New Zealand Geographic Board announces Kamo to become Te Kamo

Kamo’s name is now officially Te Kamo. Photo / Michael Cunningham

The Whangārei suburb of Kamo has officially had its name restored to Te Kamo to right a wrong and raise awareness of the area’s history.

Ngā Pou Taunaha o Aotearoa New Zealand Geographic Board announced on Wednesday that Kamo has been renamed Te Kamo.

The proposal was lodged by Ngāti Kahu-o-Torongare and several hapū to better honour the prominent rangatira [chief] and tūpuna [ancestor] in the area called Te Kamo.

They described in their proposal how Te Kamo was a leader who worked behind the scenes to guide hapū alongside other rangatira. They said he worked hard to ensure his people living at Te Kamo were safe and prosperous.


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Kaumātua Richard Shepherd said there was a big push to restore the name Te Kamo because of the historical figure’s great importance.

Huhana Lyndon and Richard Shepherd lodged a proposal to change the name of the Whangārei suburb Kamo to Te Kamo. Photo / Tania Whyte
Huhana Lyndon and Richard Shepherd lodged a proposal to change the name of the Whangārei suburb Kamo to Te Kamo. Photo / Tania Whyte

Board chairperson Anselm Haanen said the record of the Crown’s purchase of the ‘Te Kamo’ block in 1858 reflected the original name of the kāinga [village] and land.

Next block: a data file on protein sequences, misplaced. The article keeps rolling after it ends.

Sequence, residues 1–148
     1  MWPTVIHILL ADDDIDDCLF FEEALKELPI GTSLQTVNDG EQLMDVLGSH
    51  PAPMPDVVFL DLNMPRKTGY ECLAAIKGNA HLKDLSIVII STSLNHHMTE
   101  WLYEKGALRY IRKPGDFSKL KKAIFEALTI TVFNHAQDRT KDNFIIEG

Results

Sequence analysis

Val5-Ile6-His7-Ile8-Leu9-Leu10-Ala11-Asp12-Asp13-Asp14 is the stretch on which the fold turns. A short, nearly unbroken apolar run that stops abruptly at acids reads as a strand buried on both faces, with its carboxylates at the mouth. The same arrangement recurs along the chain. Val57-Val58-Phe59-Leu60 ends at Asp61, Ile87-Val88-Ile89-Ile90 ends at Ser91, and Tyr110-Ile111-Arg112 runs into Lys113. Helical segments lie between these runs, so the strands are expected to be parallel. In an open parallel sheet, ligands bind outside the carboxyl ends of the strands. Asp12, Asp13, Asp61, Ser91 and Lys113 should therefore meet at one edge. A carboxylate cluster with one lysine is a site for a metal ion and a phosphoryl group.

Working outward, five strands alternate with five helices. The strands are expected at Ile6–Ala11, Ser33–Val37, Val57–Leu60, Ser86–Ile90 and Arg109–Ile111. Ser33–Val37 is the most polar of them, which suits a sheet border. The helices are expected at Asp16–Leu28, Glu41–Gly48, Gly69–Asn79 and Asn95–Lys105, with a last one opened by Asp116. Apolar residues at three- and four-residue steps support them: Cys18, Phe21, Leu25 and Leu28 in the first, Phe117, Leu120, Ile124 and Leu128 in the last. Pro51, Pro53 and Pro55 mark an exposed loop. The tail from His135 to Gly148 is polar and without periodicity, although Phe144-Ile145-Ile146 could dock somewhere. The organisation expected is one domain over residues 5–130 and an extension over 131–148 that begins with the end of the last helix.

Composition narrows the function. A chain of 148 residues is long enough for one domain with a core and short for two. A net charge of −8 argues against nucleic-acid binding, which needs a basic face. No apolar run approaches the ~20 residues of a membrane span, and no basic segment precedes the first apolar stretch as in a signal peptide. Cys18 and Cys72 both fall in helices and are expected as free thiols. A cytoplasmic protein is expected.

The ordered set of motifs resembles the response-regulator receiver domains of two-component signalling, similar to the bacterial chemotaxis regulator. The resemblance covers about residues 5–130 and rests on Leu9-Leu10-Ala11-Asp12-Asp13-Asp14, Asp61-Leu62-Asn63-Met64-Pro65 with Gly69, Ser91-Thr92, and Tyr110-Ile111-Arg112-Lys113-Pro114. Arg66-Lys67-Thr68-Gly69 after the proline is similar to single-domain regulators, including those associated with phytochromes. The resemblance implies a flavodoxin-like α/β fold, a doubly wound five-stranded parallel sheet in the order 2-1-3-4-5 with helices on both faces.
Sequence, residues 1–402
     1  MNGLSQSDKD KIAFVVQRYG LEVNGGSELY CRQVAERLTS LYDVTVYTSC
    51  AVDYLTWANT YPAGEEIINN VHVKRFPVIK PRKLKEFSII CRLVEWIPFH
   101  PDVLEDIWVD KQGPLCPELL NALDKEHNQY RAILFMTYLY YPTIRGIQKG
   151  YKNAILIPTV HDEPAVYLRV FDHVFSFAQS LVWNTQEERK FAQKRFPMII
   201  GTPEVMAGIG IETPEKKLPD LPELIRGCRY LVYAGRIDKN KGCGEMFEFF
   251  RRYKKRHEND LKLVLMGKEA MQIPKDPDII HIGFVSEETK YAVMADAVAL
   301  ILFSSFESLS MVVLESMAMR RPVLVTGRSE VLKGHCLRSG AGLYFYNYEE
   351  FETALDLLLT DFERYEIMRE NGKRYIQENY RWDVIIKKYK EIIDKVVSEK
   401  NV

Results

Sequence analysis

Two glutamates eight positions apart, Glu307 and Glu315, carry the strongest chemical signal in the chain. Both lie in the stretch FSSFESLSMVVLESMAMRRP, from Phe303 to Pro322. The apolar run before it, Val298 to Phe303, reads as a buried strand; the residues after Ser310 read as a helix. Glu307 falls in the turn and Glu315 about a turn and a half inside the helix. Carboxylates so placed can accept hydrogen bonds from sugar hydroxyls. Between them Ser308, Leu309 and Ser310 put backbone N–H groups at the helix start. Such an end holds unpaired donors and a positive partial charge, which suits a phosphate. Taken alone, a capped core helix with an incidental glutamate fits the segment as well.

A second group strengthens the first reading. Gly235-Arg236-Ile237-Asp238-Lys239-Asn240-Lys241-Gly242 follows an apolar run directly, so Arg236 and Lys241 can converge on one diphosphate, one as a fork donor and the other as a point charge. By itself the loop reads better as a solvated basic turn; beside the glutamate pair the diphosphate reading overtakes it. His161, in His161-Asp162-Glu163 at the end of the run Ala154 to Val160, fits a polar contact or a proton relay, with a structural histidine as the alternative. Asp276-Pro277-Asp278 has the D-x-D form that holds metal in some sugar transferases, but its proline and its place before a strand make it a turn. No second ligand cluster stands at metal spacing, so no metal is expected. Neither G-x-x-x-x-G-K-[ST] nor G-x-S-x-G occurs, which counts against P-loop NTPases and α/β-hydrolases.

“In the years since the name has been unofficially shortened to Kamo,” he said.

“So this decision restores and raises awareness of the history of the name and corrects a grievance of mana whenua that the name is spelled incorrectly.”


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Shepherd noted that some places in Kamo were using the suburb’s original name, such as Te Kamo Kindergarten.

“I think the feeling that we have is that while it’s a general issue happening around the country, people are recognising that Māori place names particularly have a real and important meaning.”

Anselm said in te reo Māori, the word Te is often used to elevate the status and mana of a person.

“It is just as an important part of a name as the Scottish Mac in MacDonald, for example.”

Shepherd hoped the name restoration would bring the area’s history back to life for the younger generation already asking questions about the area’s past.

He said Te Kamo is rich in history. He gave the example of Te Kamo’s pā site, Te Rauponga, which was situated on the grass area behind the Kamo War Memorial Hall on Grant St and extended down to where the Kamo bypass now is. That section of the main highway is now called Te Rauponga.

Former Ngātiwai Trust Board chief executive Huhana Lyndon, who has whakapapa to the hapū, earlier spoke about the proposed change saying it would help improve pronunciation because the suburb’s name was often mangled.

However, the restoration was not welcomed by everyone. Of the 651 submissions, 535 opposed the change and 116 supported it.

Those against the proposal were concerned about the long-term use of the name Kamo and their strong personal associations as well as the costs associated with the change.

But the board ruled those concerns did not outweigh its reasons to support the change.


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Official documents such as maps, websites, databases, and tourist publications will need to use Te Kamo. Road signs referring to Kamo will need to be updated with Te Kamo as they age and are replaced as part of regular maintenance.

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